The building sector: The plan calls for a 17-percent reduction in emission from homes and businesses by 2030, accomplished in part by adopting a state code that prioritizes renewable energy and efficiency in new buildings, and by weatherizing old, poorly-insulated homes to reduce their carbon footprint.
Industry: The plan calls for boosting Michigan’s current recycling rate of 35 percent to 45 percent by 2030, while halving food waste. And it calls for “clean innovation hubs” where businesses can research and develop new technologies to reduce industrial emissions.
Land and water: Borrowing from Biden’s “30 by 30” conservation plan, the Whitmer plan calls for Michigan to conserve 30 percent of its land and water by 2030. The state and federal governments own about a fifth of Michigan’s landmass, and some of those lands are actively logged or mined. Whitmer’s plan also calls upon the state to support “climate-smart” agriculture, such as planting cover crops and using less fertilizer.
The plan does not lay out a timeline or cost estimate for accomplishing its goals, and it does not address how Michigan will cope with floods, heat waves, species declines and other climate disruption that are already baked-in because of past and current fossil fuel use.
The Michigan Farm Bureau did not immediately respond to a request for comment Thursday from Bridge.
Mike Alaimo, environmental and energy affairs director at the Michigan Chamber of Commerce, which represents business interests, said portions of the plan could provide “meaningful steps toward improving Michigan’s sustainable and circular economy,” but called the overall proposal “far from perfect.”
“This plan needs to work for all communities, rural, suburban and urban, as well as all businesses,” Alaimo said. “The next essential step is developing and carrying out an effective, inclusive implementation strategy.”
He said chamber officials are still reviewing the proposal's finer details.
Charlotte Jameson, chief policy officer for the Michigan Environmental Council, called the overall plan “really bold and in line with what I think we need.”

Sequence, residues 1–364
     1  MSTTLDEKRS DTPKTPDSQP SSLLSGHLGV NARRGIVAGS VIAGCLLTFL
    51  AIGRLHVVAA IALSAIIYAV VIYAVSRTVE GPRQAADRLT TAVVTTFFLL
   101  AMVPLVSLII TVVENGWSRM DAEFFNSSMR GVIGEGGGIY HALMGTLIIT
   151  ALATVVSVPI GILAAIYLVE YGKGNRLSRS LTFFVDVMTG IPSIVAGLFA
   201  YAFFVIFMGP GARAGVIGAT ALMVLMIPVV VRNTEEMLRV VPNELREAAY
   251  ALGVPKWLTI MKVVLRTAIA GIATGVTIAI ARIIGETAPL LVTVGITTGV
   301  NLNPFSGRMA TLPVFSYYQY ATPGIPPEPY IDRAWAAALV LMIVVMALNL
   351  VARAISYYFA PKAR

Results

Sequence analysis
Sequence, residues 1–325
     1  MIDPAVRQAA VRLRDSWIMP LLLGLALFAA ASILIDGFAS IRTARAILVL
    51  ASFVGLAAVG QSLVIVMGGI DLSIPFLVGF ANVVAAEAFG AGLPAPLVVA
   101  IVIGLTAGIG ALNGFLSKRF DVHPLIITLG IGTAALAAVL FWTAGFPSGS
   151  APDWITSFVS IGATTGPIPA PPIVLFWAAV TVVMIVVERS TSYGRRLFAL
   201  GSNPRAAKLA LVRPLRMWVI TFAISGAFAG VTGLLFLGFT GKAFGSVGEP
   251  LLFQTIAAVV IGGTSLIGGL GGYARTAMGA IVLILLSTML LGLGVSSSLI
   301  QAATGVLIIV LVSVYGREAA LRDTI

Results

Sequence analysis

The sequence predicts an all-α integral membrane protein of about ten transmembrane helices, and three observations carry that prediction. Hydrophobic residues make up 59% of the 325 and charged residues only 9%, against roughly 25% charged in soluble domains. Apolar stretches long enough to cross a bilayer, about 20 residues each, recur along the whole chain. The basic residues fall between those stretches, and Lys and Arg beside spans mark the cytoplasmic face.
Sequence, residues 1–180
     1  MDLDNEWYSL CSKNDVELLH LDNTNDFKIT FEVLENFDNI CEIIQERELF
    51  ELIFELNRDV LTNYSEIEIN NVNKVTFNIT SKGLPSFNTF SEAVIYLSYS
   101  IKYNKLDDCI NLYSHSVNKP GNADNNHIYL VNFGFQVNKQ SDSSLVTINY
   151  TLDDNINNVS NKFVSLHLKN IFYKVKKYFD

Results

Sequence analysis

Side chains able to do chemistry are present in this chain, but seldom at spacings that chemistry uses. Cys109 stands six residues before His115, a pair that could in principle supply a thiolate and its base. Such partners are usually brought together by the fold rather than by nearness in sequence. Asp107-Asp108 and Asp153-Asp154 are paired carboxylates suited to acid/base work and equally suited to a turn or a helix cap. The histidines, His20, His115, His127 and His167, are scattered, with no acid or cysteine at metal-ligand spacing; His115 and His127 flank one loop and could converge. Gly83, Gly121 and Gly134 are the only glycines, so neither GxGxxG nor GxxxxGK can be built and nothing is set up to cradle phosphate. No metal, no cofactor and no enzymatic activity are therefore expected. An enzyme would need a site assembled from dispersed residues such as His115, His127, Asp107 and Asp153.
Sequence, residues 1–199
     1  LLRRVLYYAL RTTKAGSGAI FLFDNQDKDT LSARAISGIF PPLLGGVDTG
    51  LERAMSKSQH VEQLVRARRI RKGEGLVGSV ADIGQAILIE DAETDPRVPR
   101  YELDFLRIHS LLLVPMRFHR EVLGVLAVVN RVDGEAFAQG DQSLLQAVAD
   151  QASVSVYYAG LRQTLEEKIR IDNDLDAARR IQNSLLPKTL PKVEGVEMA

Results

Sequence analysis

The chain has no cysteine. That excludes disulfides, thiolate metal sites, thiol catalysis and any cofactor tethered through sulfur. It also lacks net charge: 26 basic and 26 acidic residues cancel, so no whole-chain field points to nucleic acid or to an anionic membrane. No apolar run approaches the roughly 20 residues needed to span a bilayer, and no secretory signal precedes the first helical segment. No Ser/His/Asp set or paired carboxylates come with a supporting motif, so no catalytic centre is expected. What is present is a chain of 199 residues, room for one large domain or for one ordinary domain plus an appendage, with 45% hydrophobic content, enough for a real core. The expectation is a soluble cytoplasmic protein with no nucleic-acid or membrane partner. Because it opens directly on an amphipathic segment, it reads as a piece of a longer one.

She praised the plan’s emphasis on public transit, “something our state has historically not been great on, and a real critical piece of the puzzle when it comes to eliminating transportation sector emissions.”
But Jameson said she had reservations about the plan’s vision for the building sector, which relies heavily on energy efficiency rather than centering electrification as “the key lynchpin to decarbonizing the building sector.”
Widely celebrated by many environmental groups, the plan drew a more measured response from some environmental justice advocates.
A statement from the Michigan Advisory Council on Environmental Justice called it a step in the right direction, but contained a wish list of items left out of the plan, from more focus on climate adaptation to stronger policies protecting heavily-polluted neighborhoods from new industrial expansion.
“We think it’s a good start,” council member Keith Cooley told Bridge. “That said, there’s some things that still need to be done.”
As for whether the plan’s existing goals are reachable given the likely need for bipartisan support during a time of deep political division on climate change, Cooley said, “that’s where the horse-trading comes in.”
The Michigan Department of Environment, Great Lakes and Energy must publish annual reports documenting progress toward the plan's goals.